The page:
The university as a haunted house

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Everyone at the university is welcome and allowed to be themselves, according to the symbolic rainbow-coloured bike path the Utrecht Science Park just got. To environmental philosopher Floris van den Berg, this discourse sounds much better in theory than it is in practice. What about people whose cultural background is homophobic, anti-Semitic, misogynistic or anti-democratic? What about those who come from an extreme right/left background? He thinks there are limits to diversity.

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I applaud the rainbow bicycle path in De Uithof. Wonderful! Homosexuality was taboo for far too long, just like other forms of gender diversity. It's great that Utrecht University shows that it is tolerant towards people regardless of their sexual orientation (although practicing paedophiles and rapists are not included). The bicycle path is a clear signal that UU stands for individual freedom and equality, and that this tolerance should not be questioned. In the hymn of diversity, critical thinking is unfortunately sometimes suppressed. Diversity is often a good thing, but it should not become an umbrella term that encompasses intolerance:

“We want to show that everyone can be themselves and is welcome in the Utrecht Science Park,” says the Diversity Officer. “Everyone, regardless of colour, sexual orientation, cultural background, but also regardless of your disability or your parents' income. We prefer to look at the human being, with everyone's own talents and qualities, and how we can further develop them.”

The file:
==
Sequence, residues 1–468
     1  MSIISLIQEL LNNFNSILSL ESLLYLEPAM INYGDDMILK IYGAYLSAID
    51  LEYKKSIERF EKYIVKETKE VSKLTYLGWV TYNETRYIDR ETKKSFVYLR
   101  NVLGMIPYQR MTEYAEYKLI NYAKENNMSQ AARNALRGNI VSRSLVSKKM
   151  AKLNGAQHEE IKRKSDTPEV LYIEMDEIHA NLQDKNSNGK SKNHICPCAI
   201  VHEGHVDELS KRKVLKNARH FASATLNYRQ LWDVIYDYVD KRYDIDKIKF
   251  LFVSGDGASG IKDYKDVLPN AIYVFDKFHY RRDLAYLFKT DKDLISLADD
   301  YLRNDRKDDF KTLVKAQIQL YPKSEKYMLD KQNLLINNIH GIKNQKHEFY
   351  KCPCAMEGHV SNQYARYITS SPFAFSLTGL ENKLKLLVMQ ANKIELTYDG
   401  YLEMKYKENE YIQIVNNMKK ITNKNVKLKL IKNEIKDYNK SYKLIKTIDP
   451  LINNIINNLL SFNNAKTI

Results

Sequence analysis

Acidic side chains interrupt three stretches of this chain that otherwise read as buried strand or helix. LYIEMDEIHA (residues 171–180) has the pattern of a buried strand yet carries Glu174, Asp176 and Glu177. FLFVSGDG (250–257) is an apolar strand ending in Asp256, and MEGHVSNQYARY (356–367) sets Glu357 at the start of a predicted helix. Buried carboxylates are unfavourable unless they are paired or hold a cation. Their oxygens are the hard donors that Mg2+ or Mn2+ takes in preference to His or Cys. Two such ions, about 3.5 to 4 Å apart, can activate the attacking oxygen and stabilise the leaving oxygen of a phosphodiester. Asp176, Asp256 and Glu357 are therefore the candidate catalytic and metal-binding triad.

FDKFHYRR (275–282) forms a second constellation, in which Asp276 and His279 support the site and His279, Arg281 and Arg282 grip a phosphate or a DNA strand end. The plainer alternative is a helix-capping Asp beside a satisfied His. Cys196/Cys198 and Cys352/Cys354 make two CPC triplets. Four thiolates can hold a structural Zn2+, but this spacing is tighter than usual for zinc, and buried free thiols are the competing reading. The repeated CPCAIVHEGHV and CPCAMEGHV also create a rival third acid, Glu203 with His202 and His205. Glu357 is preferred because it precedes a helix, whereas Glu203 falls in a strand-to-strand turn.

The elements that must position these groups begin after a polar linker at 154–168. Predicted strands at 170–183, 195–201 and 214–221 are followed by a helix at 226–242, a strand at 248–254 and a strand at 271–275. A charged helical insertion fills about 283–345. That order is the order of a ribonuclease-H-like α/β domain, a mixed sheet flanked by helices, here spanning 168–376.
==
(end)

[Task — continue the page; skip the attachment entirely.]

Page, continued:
At first glance, that sounds wonderful and tolerant. But on closer inspection, something is wrong: what if your cultural background is homophobic or anti-Semitic or misogynistic or anti-democratic, or if you come from an extreme right-wing/left-wing background? But cultural background says nothing of course: you are responsible for your own opinions and behaviour and you cannot hide behind your cultural background.

Advocating a segregated society
‘Everyone can be themselves’, writes the Diversity Officer, but is that really what she means? Are neo-Nazis or ISIS followers with accompanying paraphernalia welcome at UU? Isn't it true that UU propagates liberal democratic values in which not everyone can be completely themselves, but only insofar as this is in accordance with the liberal democratic rules and UU's rules of conduct? For Salafists who advocate a segregated society, for example, it is difficult, if not impossible, to be oneself at UU. UU should not adapt to everyone who asks for it, but only if that adaptation fits within the liberal democratic framework, such as more facilities for people with disabilities.

No safe spaces
If students feel offended (perhaps because of their cultural background or political ideology) by what lecturers or fellow students do or remark, then both the students who feel offended and the lecturers or fellow students who made these remarks are still welcome, but the university usually does not have to adapt.

The university is not a safe space: ideas are questioned - including cultural ideas. No view is a priori exempt from criticism. Compare it to entering a haunted house: if you bought a ticket, then you can get in and risk being scared. Nobody is forcing you to enter the haunted house. There is no point in complaining afterwards that you were frightened. It is the same with the university. The risk of your ideas being criticised is scary. But you knew that beforehand.

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